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See also: Maverick



From the surname of Texas lawyer and politician Samuel Maverick (1803–1870), who refused to brand his cattle.[1] See Maverick.

Mr. Samuel Maverick was, incidentally, the grandfather of former congressman Maury Maverick, who coined the term gobbledygook.

The poker noun sense (“a queen and a jack as a starting hand in Texas hold 'em”) may be from the theme song of the US Western television series Maverick (1957–1962), which says of the eponymous protagonist that “[g]amblin’ is his game” and that he is “livin’ on jacks and queens”.[2]



maverick (comparative more maverick, superlative most maverick)

  1. (of cattle) Unbranded.
    • 1875, “Investigating Commission of the Northern Frontier”, in Reports of the Committee of Investigation Sent in 1873 by the Mexican Government to the Frontier of Texas. [], New York, N.Y.: Baker & Godwin, printers, [], →OCLC, section V, pages 62–63:
      Occasionally some young men who have no cattle of their own will take part in these expeditions, or they will give their services by the year to receive a pro rata of all the maverick cattle that may be found. [Quoted from The Texas New Yorker, pages 110–111.]
    • 1963, Harry T. Getty, The San Carlos Indian Cattle Industry (Anthropological Papers of the University of Arizona; no. 7), Tucson, Ariz.: University of Arizona Press, →OCLC, page 65:
      But I would rather have maverick cattle, they are more accustomed to range conditions. My cattle from the registered herd have not done too well.
    • 2016, Victoria Lamont, “Western Violence and the Limits of Sentimental Power”, in Westerns: A Women’s History, Lincoln, Neb., London: University of Nebraska Press, →ISBN, page 40:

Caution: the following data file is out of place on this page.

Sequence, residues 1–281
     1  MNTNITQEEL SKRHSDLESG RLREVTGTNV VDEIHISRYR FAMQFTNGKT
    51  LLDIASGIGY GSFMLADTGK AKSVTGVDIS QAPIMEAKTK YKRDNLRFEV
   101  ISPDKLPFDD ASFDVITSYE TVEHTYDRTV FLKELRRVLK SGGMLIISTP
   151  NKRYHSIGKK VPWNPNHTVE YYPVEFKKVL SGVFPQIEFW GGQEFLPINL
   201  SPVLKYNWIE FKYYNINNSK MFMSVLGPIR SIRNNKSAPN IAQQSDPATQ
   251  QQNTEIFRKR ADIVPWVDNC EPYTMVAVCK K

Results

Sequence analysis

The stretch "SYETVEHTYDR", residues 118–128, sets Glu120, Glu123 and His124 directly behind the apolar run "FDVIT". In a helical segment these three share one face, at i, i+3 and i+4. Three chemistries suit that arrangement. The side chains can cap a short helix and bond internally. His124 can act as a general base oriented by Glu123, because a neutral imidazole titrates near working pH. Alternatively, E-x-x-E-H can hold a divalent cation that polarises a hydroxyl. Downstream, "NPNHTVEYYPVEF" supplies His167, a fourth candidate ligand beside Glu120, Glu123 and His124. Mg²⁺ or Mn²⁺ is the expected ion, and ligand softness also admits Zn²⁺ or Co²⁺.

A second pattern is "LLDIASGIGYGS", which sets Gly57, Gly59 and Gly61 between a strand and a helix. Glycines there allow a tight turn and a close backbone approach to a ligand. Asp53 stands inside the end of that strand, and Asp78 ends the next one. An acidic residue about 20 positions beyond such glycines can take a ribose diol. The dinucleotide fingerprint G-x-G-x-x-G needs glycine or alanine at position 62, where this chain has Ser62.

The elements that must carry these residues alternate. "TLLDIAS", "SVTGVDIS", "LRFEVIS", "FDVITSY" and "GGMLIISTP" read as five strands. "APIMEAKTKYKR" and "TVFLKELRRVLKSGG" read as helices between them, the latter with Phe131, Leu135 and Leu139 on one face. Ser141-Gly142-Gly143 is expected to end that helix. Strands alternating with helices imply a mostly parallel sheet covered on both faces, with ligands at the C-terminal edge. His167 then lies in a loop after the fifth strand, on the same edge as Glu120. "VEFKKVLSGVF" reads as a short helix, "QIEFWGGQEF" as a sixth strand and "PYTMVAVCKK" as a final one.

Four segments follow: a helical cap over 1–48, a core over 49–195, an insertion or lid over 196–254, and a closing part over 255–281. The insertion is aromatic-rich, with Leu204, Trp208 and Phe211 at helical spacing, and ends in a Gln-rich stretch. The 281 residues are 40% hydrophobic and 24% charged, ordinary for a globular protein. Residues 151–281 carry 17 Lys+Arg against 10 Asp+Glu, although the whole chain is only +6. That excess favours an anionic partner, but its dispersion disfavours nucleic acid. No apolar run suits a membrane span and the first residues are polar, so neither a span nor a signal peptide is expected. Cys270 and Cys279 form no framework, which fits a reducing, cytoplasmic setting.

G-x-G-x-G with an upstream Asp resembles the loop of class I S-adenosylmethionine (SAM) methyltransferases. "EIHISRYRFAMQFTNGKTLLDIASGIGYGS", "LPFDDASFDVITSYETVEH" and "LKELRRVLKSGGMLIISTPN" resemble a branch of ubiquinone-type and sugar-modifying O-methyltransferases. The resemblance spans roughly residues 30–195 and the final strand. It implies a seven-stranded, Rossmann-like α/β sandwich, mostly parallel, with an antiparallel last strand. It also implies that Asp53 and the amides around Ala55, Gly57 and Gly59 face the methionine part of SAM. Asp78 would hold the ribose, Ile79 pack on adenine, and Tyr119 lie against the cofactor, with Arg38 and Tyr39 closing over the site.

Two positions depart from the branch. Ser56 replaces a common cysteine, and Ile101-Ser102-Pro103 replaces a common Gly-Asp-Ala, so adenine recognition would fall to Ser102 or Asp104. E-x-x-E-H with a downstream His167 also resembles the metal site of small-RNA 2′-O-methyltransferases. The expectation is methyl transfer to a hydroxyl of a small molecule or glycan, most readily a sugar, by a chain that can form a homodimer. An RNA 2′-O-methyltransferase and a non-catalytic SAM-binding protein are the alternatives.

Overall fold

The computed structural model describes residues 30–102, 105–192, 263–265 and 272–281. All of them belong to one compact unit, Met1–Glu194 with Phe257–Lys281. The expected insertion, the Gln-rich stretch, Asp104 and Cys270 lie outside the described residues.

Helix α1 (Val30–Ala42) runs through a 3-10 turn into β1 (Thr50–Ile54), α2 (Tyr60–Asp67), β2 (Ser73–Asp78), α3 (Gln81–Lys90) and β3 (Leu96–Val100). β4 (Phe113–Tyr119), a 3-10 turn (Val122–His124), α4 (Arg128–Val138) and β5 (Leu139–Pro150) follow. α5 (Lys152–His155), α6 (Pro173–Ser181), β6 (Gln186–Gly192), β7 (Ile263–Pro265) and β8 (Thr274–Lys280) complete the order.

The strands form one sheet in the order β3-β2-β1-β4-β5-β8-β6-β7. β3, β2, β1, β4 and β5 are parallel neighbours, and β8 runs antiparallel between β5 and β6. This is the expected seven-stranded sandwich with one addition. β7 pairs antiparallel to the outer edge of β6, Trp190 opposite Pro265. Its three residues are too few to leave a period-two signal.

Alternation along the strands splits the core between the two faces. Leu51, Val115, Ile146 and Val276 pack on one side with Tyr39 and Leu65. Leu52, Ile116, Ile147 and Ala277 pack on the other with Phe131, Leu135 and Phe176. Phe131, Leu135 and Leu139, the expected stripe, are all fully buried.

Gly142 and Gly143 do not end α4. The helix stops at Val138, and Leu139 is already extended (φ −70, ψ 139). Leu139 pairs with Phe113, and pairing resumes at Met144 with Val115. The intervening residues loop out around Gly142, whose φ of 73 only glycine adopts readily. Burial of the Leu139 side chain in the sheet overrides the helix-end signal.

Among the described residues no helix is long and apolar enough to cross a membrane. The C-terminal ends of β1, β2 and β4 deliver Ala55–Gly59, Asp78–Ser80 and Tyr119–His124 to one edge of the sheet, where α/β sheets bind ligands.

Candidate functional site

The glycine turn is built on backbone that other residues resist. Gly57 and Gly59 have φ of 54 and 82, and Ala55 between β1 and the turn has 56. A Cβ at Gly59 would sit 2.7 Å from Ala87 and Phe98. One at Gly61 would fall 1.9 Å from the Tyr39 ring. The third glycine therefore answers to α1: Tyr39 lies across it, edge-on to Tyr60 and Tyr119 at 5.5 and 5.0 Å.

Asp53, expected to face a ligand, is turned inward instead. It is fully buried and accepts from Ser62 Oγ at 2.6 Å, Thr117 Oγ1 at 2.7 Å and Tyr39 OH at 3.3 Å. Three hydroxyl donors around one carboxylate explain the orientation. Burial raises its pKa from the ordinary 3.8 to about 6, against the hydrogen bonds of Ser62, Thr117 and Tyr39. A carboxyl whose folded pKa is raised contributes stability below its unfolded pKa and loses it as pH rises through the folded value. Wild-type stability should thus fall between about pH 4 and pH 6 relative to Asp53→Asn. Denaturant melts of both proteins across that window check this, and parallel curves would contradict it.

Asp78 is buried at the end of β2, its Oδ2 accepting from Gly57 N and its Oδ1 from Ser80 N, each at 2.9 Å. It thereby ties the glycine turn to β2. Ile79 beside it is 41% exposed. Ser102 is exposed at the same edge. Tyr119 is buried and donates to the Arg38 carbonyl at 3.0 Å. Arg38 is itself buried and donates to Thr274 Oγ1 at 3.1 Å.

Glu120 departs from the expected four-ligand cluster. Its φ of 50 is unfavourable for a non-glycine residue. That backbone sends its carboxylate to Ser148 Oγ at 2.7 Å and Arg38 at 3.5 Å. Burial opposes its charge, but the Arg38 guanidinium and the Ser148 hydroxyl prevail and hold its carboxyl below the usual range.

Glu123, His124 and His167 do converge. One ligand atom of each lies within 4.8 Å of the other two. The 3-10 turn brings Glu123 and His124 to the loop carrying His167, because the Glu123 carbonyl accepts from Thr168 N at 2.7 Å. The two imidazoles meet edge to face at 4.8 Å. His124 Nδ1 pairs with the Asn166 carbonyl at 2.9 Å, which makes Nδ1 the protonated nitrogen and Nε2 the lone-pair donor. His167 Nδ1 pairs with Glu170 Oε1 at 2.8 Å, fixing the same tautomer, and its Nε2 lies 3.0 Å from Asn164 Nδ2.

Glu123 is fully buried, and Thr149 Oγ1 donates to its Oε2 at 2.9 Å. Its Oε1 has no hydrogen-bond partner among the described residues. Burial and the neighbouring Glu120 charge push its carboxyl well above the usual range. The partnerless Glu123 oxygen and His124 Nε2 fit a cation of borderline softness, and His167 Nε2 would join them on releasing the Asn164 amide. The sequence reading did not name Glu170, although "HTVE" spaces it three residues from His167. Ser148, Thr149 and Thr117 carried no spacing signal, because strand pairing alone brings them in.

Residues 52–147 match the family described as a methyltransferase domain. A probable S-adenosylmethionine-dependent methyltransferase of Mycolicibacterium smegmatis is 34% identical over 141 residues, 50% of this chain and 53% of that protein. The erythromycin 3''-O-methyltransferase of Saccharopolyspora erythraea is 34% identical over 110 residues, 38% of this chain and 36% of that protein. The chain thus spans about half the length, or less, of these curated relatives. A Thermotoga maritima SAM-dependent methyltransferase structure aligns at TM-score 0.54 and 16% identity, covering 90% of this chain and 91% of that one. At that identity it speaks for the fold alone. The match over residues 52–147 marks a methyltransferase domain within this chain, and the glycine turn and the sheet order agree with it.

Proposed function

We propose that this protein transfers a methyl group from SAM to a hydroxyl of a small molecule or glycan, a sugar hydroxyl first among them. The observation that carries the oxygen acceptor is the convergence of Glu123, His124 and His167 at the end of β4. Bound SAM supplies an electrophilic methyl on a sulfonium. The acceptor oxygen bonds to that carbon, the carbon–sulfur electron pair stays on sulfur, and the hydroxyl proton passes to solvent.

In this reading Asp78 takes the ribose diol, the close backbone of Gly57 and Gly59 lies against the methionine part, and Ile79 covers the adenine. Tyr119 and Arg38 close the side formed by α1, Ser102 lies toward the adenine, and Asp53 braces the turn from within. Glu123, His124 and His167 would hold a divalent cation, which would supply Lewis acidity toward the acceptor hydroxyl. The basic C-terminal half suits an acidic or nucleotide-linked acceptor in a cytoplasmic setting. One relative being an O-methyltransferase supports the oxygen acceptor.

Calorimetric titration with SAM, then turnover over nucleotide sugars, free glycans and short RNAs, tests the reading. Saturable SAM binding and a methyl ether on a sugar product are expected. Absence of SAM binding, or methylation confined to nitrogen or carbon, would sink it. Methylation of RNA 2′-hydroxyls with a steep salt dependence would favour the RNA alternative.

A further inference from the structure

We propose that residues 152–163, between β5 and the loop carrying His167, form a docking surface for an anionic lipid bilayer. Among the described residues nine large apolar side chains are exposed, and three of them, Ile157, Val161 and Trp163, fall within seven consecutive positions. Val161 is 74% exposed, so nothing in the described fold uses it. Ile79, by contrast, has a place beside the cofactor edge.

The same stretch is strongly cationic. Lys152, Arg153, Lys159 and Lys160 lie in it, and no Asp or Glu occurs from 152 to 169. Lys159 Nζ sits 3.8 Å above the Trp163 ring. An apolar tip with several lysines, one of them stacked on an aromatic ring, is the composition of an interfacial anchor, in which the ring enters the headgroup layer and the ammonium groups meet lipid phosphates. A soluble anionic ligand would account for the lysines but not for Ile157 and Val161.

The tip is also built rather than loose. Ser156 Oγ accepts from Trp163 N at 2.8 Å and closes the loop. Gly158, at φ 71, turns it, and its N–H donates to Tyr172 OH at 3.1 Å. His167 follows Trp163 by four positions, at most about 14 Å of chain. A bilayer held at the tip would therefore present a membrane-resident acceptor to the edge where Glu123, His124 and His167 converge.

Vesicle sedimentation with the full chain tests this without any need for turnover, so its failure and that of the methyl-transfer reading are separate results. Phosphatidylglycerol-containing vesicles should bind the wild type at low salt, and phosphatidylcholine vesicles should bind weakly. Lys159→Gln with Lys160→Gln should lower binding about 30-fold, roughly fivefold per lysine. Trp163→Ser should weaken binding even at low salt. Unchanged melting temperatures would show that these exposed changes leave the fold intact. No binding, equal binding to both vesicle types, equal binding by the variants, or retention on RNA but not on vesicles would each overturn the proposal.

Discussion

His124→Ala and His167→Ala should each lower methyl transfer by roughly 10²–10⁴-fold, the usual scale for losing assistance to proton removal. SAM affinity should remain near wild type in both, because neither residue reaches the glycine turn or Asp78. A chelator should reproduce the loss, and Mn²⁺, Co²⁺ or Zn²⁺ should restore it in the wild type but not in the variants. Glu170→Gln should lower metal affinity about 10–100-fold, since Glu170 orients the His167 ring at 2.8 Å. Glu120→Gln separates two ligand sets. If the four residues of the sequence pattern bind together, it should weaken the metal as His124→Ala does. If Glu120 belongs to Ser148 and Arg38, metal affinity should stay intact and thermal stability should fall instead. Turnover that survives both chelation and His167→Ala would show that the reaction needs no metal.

Attempts to regulate the distribution of maverick cattle throughout the 1880s affected particularly the access of cowboys to mavericks.
  2. Showing independence in thoughts or actions.
    He made a maverick decision.  She is such a maverick person.
    • 2003, Leon Claire Metz, “Maverick”, in The Encyclopedia of Lawmen, Outlaws, and Gunfighters, New York, N.Y.: Facts On File, →ISBN, page 170, column 2:
      A maverick person tends to be wild, unsettled, and irresponsible, often an outlaw not bound by the rules and mores of society.
    • 2013, Jim Eldridge, “The Thinking Machine”, in Alan Turing (Real Lives), London: A. & C. Black, →ISBN, page 17:
      John Maynard Keynes, the internationally renowned economist, was impressed by Alan [Turing]'s work, and his unorthodox style. [] It is quite likely that Keynes viewed Alan and his maverick attitude to maths research sympathetically.



maverick (plural mavericks)

  1. An unbranded range animal. [from 1860s]
    • 1872, W. G. Kingsbury, “Cattle-raising in Western Texas. How It is Conducted—Profits of the Business, &c.”, in A Brief Description of Western Texas, [], San Antonio, Tx.: Herald Steam Job Printing House and Book Bindery, →OCLC, page 36:
      In this distribution, care is taken to leave not only those which bear the owner's mark and brand, but his due proportion of the mavericks* that have been found upon the expedition. [footnote: *The term "maverick" is applied in this country to all animals that have neither mark nor brand upon them, and originated in this way: []]
    • 1884, The National Live-stock Journal, volume 1, Chicago, Ill.: George W. Rust & Co., →OCLC, page 55, column 3:
      Under this law 2,035 mavericks (orphan calves) were discovered and disposed of by the round-up foremen. Formerly the custom was to brand mavericks with the brand of the owner of that portion of the range where they were found. Under the new law, all mavericks are branded with the association brand, and sold at auction.
    • 1904, O. Henry [pseudonym; William Sydney Porter], “A Call Loan”, in Heart of the West, [Garden City, N.Y.]: Published by Doubleday, Page & Company for Review of Reviews Co., →OCLC, page 241:
      Long Bill was a graduate of the camp and trail. Luck and thrift, a cool head, and a telescopic eye for mavericks had raised him from cowboy to be a cowman.